(NAPSI)—Hundreds of data breaches occur every year in the U.S. If your company, organization or agency has a data breach, you need to know what to do to help people whose personal information may have been exposed.
Should you hire an identity theft service provider? If so, how should you choose one? Identity theft services may not be necessary for every breach but if you’re going to offer this kind of service, make sure it provides the information and assistance that best fits the needs of those affected.
Consumer Federation of America has created a checklist, “My company’s had a data breach, now what? 7 questions to ask when considering identity theft services,” to help you make these decisions. This isn’t meant to be legal advice, however—always consult with an attorney about how to respond to a breach.
Identity theft services typically alert people about possible fraudulent use of their personal information, mitigate the damage, and/or help victims recover from identity theft. The features of the services vary and can often be customized to fit particular breach situations. One question to ask is whether the service provides information about how to reduce the potential damage that may result from the breach—for example, by changing account numbers and passwords, monitoring one’s accounts online, and using fraud alerts, security freezes and other tools.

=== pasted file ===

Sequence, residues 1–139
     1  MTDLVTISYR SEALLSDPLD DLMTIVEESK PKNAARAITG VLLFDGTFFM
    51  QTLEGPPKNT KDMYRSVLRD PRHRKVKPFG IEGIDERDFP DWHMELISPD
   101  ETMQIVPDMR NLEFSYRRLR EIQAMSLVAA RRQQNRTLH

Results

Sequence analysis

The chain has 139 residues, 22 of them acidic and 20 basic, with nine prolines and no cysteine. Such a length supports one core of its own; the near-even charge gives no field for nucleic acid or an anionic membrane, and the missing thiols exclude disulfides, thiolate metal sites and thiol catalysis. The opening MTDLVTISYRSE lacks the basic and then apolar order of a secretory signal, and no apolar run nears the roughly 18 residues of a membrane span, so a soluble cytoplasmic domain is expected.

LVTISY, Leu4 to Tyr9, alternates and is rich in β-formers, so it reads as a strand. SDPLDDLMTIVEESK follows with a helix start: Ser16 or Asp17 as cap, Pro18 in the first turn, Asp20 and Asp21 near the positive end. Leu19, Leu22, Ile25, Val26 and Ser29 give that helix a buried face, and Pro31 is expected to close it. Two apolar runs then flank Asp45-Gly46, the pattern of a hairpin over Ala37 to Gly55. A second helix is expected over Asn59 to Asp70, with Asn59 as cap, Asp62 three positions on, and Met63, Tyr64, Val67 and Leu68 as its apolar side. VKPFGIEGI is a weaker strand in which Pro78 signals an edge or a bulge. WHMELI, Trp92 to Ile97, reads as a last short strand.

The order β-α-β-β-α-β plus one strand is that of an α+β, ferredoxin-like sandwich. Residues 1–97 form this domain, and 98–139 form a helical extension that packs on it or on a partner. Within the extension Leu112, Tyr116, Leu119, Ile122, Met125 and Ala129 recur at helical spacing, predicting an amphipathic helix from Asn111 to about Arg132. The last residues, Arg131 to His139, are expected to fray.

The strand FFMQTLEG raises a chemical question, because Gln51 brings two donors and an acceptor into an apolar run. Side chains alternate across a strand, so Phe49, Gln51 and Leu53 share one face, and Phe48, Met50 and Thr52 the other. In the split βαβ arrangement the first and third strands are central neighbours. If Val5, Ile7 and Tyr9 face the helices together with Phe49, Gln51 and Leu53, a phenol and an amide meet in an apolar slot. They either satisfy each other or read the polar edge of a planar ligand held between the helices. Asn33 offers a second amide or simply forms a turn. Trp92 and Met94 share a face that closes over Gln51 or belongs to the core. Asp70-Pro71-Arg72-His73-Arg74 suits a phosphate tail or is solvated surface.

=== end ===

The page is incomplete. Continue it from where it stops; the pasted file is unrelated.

Other questions to consider include: Are services available 24/7? Is there a toll-free number with live operators? What will the response times be? Can the service handle multiple languages? If monitoring is provided, how quickly are alerts sent? Are there specially trained personnel to help victims of fraud resulting from the breach, and will that assistance continue for problems that aren’t resolved when the contract ends?
The checklist explains the different kinds of monitoring and fraud resolution that may be offered. Whether identity theft services are needed and what features to look for depends on the types of personal information involved and other factors. A good rule of thumb is: if you are legally required to notify the victims of a data breach, consider providing these services. It’s wise to retain an identity theft service provider in advance so you won’t be scrambling to select one in the midst of a breach situation.
How can you find a reputable identity theft service provider? For the answer to that and other questions about data breach services, go to www.IDTheftInfo.org.